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    If you're going to limit it to theoretical concepts, I guess I'd say the circle of 5ths.

    That, and the idea of key as something based on the major scale (and chords harmonised from it), but not having to be limited to the major scale (capable of a lot of bending around).

    But I wouldn't say any theoretical concept has "advanced me in my learning of guitar", half as much as the kind of things Malcolm talks about:

    1. Playing with other musicians (not just learning playing tips, but ensemble skills, working as a team member);
    2. Transcribing records.

    Those are the two biggies for me. IMO, you can learn everything you ever need from those two things - whether or not you use theoretical jargon to talk about or explain the stuff you learn! (and of course, you generally do... )

    Actually, being able to read notation - which I could do before I picked up a guitar - has been enormously helpful. Don't know if that counts as a "thing of theory". It means I can add a #3: Learning songs from reading songbooks.

  6. #6
    Registered User bluesking's Avatar
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    Quote Originally Posted by JonR
    But I wouldn't say any theoretical concept has "advanced me in my learning of guitar", half as much as the kind of things Malcolm talks about:

    1. Playing with other musicians (not just learning playing tips, but ensemble skills, working as a team member);
    2. Transcribing records.
    Absolutely right.
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  7. #7
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    Quote Originally Posted by JonR
    If you're going to limit it to theoretical concepts, I guess I'd say the circle of 5ths.

    That, and the idea of key as something based on the major scale (and chords harmonised from it), but not having to be limited to the major scale (capable of a lot of bending around).

    But I wouldn't say any theoretical concept has "advanced me in my learning of guitar", half as much as the kind of things Malcolm talks about:

    1. Playing with other musicians (not just learning playing tips, but ensemble skills, working as a team member);
    2. Transcribing records.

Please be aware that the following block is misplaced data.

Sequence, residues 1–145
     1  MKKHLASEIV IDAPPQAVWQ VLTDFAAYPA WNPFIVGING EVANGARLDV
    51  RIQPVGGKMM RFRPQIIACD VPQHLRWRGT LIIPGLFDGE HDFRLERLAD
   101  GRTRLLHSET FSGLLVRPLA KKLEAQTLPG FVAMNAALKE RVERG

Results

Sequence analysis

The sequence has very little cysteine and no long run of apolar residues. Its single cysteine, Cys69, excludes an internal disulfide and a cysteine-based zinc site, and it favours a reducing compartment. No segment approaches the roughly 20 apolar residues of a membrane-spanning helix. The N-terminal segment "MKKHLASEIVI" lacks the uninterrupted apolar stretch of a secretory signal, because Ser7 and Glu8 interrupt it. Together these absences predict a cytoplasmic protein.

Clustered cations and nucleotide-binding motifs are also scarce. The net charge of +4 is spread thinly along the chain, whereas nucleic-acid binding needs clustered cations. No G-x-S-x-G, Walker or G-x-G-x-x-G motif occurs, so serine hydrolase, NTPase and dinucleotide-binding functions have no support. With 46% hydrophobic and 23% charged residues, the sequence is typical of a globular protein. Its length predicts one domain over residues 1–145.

Those are the two biggies for me. IMO, you can learn everything you ever need from those two things - whether or not you use theoretical jargon to talk about or explain the stuff you learn! (and of course, you generally do... )

    Actually, being able to read notation - which I could do before I picked up a guitar - has been enormously helpful. Don't know if that counts as a "thing of theory". It means I can add a #3: Learning songs from reading songbooks.
    how exactly do you use the circle of fifths?

  8. #8
    Registered User JonR's Avatar
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    Quote Originally Posted by fingerpikingood
    how exactly do you use the circle of fifths?
    http://www.ibreathemusic.com/forums/...ad.php?t=16721

  9. #9
    The Riff Master zog's Avatar
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    To me the most important thing that I learned that opened up everything was understanding the relationship between the notes and chords with in a key. How each chord and note has a function to play within the key allows you to really get inside harmony so to speak.

    Learning the the major scale all over the neck and of course studying the music of those people you like offers a never ending supply of learning material.

  10. #10
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    thanks, i think i'll be on that for a while, and i'm willing to bet my exploration will cause a few new songs to materialize.

    thanks to everyone else too, there's some good stuff to play with in there. like a musical christmas.